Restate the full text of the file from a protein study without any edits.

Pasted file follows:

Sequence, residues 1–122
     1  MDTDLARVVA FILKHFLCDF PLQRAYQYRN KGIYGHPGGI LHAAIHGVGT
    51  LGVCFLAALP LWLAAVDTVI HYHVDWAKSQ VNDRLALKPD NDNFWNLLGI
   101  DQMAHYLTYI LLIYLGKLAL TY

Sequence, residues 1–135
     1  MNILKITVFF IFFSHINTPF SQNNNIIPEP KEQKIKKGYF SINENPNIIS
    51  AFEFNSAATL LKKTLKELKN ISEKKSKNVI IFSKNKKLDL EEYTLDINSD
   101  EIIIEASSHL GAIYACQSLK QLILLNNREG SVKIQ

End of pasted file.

Sequence, residues 1–122
     1  MDTDLARVVA FILKHFLCDF PLQRAYQYRN KGIYGHPGGI LHAAIHGVGT
    51  LGVCFLAALP LWLAAVDTVI HYHVDWAKSQ VNDRLALKPD NDNFWNLLGI
   101  DQMAHYLTYI LLIYLGKLAL TY

Sequence, residues 1–135
     1  MNILKITVFF IFFSHINTPF SQNNNIIPEP KEQKIKKGYF SINENPNIIS
    51  AFEFNSAATL LKKTLKELKN ISEKKSKNVI IFSKNKKLDL EEYTLDINSD
   101  EIIIEASSHL GAIYACQSLK QLILLNNREG SVKIQ